Louise Mangos: Location, location, location – Swiss style

I’m delighted to welcome a second ‘writer abroad’ from Switzerland and another crime fiction writer – see JJ Marsh, my first guest in this series. (What do they put in the chocolate there?)

Louise Mangos grew up in rural Hertfordshire in the UK but travelled extensively in her twenties, eventually settling in Switzerland where her long love affair with the mountains began. She has published two psychological thrillers and another is set for release in April 2022. Her short fiction has won prizes, been read out on BBC radio and appears in more than twenty print anthologies. She holds a Masters in crime writing from the University of East Anglia.

Over to Louise!

Setting a novel where you live eases the job of adapting the narrative, without periodically stopping the creative flow to research the location. It has long been my opinion that the setting plays an equally important role as the characters in a novel. The writer needs to convey not only the geography, but the climate, culture, senses and quirks of a setting that might be unknown to many of their readers, and it’s more exciting and challenging when these are foreign locations. But when an author actually lives in their setting, these traits are often already ingrained in the creative pool.

Lake Ägeri (Ägerisee) at Morgarten (Photo: Karl Baer, CC BY-SA 3.0 licence)

I’ve lived in several areas of Switzerland for more than half my life. My debut novel is set in the central Swiss village where I currently live on the shores of the Aegerisee (Lake Aegeri). My second novel is set in two locations: a ski resort where I spent much of my twenties, and a women’s prison situated north of Bern. The latter was unknown to me until I began to research penal institutions in Switzerland. Several visits were necessary to get a feel for Hindelbank. As the ski village is a place that actually exists, I wanted the prison to be a real place too.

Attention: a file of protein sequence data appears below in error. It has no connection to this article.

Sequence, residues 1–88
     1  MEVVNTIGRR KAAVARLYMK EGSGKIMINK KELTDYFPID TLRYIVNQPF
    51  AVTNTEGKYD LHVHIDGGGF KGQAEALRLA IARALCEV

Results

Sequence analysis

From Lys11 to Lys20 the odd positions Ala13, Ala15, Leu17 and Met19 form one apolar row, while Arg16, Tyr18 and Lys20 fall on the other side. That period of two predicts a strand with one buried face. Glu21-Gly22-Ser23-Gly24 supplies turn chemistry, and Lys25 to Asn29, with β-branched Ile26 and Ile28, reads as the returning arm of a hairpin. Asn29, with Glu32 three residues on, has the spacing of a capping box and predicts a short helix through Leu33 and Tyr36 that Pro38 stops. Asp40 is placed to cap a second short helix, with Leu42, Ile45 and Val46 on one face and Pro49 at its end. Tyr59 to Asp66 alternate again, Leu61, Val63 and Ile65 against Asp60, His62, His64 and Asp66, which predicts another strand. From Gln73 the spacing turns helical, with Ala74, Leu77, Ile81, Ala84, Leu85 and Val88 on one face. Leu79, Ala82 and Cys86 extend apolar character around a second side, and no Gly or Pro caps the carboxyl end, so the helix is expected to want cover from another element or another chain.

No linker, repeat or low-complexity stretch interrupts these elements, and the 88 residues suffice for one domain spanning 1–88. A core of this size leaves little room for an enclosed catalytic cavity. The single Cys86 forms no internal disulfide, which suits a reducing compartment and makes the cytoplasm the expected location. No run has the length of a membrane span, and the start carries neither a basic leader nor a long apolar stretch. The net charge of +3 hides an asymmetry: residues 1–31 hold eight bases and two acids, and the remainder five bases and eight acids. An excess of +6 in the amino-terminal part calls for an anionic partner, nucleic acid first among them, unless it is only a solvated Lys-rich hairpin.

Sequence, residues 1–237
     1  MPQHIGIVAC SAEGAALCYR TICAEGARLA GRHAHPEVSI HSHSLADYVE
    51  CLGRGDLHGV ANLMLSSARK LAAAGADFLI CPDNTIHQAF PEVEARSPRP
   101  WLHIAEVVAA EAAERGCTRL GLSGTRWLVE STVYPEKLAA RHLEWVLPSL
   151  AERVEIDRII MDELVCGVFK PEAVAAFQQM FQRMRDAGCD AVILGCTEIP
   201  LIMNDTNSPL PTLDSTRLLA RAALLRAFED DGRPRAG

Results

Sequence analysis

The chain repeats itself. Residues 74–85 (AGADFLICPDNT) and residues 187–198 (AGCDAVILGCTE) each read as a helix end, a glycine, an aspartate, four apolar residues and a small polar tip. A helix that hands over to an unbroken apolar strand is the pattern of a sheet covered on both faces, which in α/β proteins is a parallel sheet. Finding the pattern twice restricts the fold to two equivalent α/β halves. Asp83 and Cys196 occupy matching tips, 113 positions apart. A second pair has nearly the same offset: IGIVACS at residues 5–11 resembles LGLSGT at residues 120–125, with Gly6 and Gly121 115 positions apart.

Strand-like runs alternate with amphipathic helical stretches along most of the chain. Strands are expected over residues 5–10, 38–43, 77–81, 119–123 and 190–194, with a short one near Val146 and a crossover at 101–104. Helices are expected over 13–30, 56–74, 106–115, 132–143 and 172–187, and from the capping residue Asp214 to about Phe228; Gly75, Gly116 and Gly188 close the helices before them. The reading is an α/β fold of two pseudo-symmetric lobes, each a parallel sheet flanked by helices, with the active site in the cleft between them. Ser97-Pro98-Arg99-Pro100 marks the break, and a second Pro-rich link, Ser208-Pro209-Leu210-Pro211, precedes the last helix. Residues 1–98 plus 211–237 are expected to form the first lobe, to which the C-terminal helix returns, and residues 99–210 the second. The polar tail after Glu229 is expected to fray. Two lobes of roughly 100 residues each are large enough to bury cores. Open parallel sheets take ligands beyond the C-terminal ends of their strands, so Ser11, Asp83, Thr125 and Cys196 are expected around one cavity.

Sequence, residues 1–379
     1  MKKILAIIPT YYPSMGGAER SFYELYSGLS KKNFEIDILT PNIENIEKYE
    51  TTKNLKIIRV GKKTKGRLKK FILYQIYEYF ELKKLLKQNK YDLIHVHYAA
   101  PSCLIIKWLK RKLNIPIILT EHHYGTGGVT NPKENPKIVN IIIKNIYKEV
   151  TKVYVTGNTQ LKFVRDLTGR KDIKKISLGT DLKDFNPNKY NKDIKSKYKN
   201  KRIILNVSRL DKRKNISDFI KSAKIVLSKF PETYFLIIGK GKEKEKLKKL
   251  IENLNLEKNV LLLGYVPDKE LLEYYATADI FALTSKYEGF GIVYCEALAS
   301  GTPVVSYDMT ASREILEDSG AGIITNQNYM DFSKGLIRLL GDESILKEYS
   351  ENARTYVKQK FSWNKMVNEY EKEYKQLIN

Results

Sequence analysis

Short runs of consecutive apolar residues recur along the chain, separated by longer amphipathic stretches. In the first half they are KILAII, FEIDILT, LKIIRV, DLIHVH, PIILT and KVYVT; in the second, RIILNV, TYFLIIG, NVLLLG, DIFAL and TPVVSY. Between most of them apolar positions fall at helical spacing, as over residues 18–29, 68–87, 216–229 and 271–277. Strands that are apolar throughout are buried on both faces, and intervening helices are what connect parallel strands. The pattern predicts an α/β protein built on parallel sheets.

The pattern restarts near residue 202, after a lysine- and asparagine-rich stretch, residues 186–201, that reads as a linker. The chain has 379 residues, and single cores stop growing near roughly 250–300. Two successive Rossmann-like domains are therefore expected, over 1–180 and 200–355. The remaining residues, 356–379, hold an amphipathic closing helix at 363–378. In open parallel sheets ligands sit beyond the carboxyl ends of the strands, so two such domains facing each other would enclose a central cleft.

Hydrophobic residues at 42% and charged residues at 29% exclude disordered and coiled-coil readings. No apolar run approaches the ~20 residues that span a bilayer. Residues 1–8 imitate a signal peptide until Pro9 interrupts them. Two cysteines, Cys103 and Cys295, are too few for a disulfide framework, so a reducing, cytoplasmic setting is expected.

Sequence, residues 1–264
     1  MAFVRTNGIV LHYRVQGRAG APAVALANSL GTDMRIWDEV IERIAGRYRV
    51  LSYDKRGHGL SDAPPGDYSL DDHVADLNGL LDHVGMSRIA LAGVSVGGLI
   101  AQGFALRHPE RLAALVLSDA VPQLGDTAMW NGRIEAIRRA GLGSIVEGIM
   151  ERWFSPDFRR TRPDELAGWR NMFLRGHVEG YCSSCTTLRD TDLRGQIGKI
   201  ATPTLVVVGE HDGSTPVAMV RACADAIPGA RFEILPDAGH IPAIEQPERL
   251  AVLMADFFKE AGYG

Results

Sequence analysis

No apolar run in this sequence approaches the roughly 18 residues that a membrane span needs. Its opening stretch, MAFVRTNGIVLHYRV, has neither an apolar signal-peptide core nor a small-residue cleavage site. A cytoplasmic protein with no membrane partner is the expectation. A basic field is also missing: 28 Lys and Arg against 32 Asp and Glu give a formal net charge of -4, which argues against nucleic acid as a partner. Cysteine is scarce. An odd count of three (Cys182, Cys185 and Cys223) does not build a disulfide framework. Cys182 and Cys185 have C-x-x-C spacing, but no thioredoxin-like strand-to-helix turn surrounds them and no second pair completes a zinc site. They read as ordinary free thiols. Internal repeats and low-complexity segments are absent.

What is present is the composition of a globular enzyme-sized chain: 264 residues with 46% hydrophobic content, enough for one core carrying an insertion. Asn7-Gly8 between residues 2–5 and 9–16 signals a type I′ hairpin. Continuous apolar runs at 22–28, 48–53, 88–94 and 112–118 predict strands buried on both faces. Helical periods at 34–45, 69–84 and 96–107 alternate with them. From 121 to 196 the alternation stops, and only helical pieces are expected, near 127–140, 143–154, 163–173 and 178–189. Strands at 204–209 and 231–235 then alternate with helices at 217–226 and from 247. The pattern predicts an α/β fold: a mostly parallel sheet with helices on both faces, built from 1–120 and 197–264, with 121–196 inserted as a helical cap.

My latest novel, The Beaten Track, which publishes in April 2022, is set mostly in the Léman region of the French part of Switzerland. But it also spends many chapters on a currently implausible backpacking journey around the world (it is set in the early nineties, to avoid not only the pandemic but also the digital restrictions imposed on crossing international borders unnoticed). Tapping into the journals I kept when I was backpacking around the world on a shoestring budget in the eighties and nineties, I’ve hopefully brought the global settings realistically alive in this psychological thriller.

Over this past year many ex-pat writers have been bound to their country of residence, which has distanced us somewhat from where our books are mostly sold in the English-speaking world. But being forced to isolate in the Swiss Alps has not been a great hardship. The most difficult part of the pandemic has been the inability to connect personally with family back in the UK. After the initial anxiety causing writers block at the beginning of the pandemic, living in an isolated mountain village has proven to be one of the best and certainly safest places in the world to write. And it has planted the seeds of new projects.